UNCTAD on Emerging Markets FDI Trends
Foreign direct investment (FDI) going into and out of the emerging economies of Brazil, Russia, India, China and South Africa – collectively known as BRICS – is mounting in global influence, according to a United Nations report released on March 25th.
The latest Global Investment Trends Monitor (GITM) shows that over the past decade, FDI going into BRICS has more than tripled, totalling $263 billion in 2012. This figure represents 20 per cent of world FDI flows, and is a significant increase considering it was only 6 per cent in 2000.
Meanwhile, investment from BRICS into other countries has climbed from $7 billion in 2000 to $126 billion in 2012, rising from 1 per cent of world flows to 9 per cent, with China and Russia accounting for the majority of these investments.
In particular, the report highlights that foreign investment from BRICS into Africa represented 25 per cent of Africa’s inflows last year, with most funds going to the manufacturing and services sectors.
“The latest Global Investment Trends Monitor (GITM) shows that over the past decade, FDI going into BRICS has more than tripled, totalling $263 billion in 2012.”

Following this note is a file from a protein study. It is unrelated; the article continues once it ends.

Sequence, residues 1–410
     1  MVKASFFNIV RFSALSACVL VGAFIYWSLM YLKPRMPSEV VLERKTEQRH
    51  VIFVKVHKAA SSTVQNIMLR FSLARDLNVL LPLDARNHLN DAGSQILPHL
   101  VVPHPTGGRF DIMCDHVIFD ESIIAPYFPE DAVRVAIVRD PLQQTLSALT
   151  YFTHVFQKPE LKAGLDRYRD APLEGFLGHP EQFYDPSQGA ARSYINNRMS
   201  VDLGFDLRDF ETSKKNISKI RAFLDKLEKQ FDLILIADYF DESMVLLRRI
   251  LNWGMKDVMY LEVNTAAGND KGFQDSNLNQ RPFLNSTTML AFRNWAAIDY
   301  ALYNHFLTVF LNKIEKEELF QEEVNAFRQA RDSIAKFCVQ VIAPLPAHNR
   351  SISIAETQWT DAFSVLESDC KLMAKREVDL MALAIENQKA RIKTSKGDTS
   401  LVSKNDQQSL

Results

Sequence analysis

While labour costs in Africa may not differ significantly from those in the firms’ home economies, the duty-free, quota-free access of African countries and China’s zero-tariff measures for African least developed countries (LDCs) have generated manufacturing investment.
Brazil, for example, has expanded its business in the new African ethanol industry in countries like Angola, Ghana and Mozambique; China is one of the top investing countries in LDCs such as Sudan and Zambia; an Indian company recently acquired an African mobile phone network; and Russian banks are expanding to countries such as Côte d’Ivoire and Nigeria.
The report notes that this growing relationship between BRICS and Africa is likely to be reinforced in the future due to the rapid economic growth and industrial upgrading currently taking place in BRICS countries.
“The rise of FDI in manufacturing, which has positive consequences for job creation and industrial growth, is becoming an important facet of South–South economic cooperation,” it says.
However, the main share of BRICS’ outward investment is still in developed economies, with 34 per cent of their stocks going to the European Union. The report notes that these investments are in large part driven by ‘market-seeking motives’ as well as mergers and acquisitions across borders.
The report, produced by the UN Conference on Trade and Development (UNCTAD), was released ahead of the 5th BRICS Summit in Durban, South Africa, and whose theme is “BRICS and Africa: Partnership for development, integration, and industrialization.”